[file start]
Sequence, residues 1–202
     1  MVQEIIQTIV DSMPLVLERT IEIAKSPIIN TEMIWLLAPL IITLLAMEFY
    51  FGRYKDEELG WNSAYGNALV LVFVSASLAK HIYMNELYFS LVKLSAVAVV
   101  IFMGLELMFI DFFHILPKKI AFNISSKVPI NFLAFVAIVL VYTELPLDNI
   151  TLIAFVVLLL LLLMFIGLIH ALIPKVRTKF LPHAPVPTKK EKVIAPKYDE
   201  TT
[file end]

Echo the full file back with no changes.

Sequence, residues 1–202
     1  MVQEIIQTIV DSMPLVLERT IEIAKSPIIN TEMIWLLAPL IITLLAMEFY
    51  FGRYKDEELG WNSAYGNALV LVFVSASLAK HIYMNELYFS LVKLSAVAVV
   101  IFMGLELMFI DFFHILPKKI AFNISSKVPI NFLAFVAIVL VYTELPLDNI
   151  TLIAFVVLLL LLLMFIGLIH ALIPKVRTKF LPHAPVPTKK EKVIAPKYDE
   201  TT